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Oil and gas developments along California coast fall out of favor with lawmakers

Senate Bill 704 comes in the wake of numerous high-profile oil spills and accidents that befouled California's most prized possession — its coastline.

SACRAMENTO, Calif. (CN) — California lawmakers passed new legislation Tuesday to remove provisions in state law which favor the approval of oil and gas developments along the Golden State's famed coastline.

More than 80% of the state's Assembly and Senate members voted “yes” on Senate Bill 704. If signed, the bill will amend the California Coastal Act to remove an “industrial override” provision favoring approval for oil and gas developments along the coast — regardless of whether those proposed developments meet state resource protection policies.

If Governor Gavin Newsom signs the bill, new or expanded oil and gas developments, including refineries and petrochemical facilities, will face oversight under policies meant protect California’s ocean and coast.

The bill's author, state Senator Dave Min — a Democrat representing Orange County — said on X, formerly Twitter, that "SB 704 levels the playing field and closes the lingering loopholes that, for too long, permitted unchecked oil and gas development."

Any development proposed within California’s coastal zone typically needs a coastal development permit under laws written to protect regional ecosystems. Since the Coastal Act’s passage in 1976, oil and gas developments have enjoyed a special status through an override provision and must only meet minimal requirements to obtain a permit.

In a statement from the Center for Biological Diversity, experts said that the bill matters because offshore drilling on the Pacific coast causes air pollution and health harms to people in coastal communities and has led to numerous oil spills and leaks. 

The 2021 Amplify Energy pipeline spill near Huntington Beach released tens of thousands of gallons of crude oil into the ocean, killing many birds, fish and other marine life. Plains All American Pipeline Company’s Line 901 ruptured in 2015 at Refugio State Beach, releasing more than 100,000 gallons of crude oil. The center also pointed out that coastal oil and gas infrastructure frequently leads to public funds being used to cover cleanup costs when facilities need plugging, abandonment and decommissioning — such as at Line 96 in Santa Barbara County.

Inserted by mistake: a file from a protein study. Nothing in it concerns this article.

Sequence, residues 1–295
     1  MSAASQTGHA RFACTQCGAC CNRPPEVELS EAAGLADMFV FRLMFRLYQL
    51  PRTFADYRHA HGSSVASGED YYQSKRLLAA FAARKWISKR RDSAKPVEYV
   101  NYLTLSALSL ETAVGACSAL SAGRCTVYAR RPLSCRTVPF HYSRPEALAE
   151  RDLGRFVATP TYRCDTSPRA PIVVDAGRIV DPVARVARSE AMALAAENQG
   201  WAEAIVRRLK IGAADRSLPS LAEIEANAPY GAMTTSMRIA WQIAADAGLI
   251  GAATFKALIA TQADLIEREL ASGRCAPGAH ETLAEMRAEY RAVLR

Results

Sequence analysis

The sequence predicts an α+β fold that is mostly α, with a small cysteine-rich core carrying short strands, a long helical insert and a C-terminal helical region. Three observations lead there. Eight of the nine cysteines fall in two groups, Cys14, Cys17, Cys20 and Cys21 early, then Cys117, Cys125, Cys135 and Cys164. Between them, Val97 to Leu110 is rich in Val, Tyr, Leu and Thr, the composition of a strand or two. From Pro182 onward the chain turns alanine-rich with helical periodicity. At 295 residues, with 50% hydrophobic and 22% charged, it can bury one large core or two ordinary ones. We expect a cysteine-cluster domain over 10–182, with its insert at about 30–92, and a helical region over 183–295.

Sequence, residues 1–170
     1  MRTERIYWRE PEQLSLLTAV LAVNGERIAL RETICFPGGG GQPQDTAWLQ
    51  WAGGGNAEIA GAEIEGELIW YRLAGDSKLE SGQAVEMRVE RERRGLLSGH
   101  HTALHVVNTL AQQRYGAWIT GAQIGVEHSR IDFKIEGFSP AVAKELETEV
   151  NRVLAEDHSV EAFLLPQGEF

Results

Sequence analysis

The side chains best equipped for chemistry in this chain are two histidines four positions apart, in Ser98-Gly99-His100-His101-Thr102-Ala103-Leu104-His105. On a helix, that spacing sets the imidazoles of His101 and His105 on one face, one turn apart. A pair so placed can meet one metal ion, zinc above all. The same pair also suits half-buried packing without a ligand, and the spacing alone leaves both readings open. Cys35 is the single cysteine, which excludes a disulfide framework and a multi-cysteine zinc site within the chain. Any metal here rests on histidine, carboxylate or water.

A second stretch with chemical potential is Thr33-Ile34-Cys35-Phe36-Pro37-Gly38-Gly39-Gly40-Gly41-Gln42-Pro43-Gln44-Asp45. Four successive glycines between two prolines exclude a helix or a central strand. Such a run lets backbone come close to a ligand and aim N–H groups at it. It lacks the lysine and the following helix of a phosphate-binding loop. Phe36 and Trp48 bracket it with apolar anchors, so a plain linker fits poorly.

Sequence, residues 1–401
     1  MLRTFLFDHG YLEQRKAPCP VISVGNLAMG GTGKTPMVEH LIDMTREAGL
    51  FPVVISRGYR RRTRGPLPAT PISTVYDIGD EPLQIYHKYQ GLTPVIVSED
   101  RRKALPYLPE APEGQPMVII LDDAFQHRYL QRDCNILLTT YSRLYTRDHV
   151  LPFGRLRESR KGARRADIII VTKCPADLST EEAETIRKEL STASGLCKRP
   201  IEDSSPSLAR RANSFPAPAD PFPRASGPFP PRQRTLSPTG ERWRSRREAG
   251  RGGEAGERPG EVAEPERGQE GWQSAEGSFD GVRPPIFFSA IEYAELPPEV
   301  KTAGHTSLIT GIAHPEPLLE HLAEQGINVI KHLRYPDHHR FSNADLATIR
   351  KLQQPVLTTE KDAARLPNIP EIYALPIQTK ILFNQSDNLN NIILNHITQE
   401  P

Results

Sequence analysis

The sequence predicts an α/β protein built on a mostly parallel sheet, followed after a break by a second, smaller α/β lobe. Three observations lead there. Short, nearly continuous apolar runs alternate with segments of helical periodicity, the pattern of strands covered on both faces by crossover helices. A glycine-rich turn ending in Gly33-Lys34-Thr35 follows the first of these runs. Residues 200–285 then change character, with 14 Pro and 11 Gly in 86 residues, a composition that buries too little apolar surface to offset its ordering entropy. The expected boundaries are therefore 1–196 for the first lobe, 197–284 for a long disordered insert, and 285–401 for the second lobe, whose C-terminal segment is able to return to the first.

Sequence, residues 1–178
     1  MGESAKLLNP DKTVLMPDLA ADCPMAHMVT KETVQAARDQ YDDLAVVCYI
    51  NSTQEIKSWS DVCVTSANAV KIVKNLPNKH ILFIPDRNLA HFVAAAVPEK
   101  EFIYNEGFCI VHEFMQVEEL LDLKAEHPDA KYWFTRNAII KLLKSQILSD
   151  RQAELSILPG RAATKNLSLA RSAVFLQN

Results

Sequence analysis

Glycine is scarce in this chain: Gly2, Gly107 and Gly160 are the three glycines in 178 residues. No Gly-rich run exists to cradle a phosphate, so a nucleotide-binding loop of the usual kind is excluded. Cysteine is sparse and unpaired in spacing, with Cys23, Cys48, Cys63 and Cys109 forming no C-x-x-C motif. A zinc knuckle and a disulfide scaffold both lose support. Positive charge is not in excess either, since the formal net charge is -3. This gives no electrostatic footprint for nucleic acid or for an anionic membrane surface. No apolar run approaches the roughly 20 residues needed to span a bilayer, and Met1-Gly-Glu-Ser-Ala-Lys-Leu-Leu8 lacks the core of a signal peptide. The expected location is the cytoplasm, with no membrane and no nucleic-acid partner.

“What a great relief that the California Legislature has worked to close this outrageous decades-old loophole benefitting the oil industry,” said Brady Bradshaw, senior oceans campaigner at the Center for Biological Diversity. “This is a major step forward in protecting our coast from oil spills and the climate chaos caused by fossil fuel production. Governor Newsom should sign this bill immediately.”

Newsom has for years waged a battle against Big Oil, having recently created an oversight body to hold petroleum companies accountable after abandoning his attempt to tax those who raised gas prices last fall. 

California remains the seventh-largest oil producing state, but the governor has emphasized his desire for lawmakers to increase transparency and oversight over the oil industry. He has proclaimed California as the nation’s leader in green energy, with policies such as Executive Order N-79-20 to push the approval of a new deadline to require all new vehicles sold in the state starting in 2035 to use electricity or hydrogen power.

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Categories / Energy, Environment, Government, Regional

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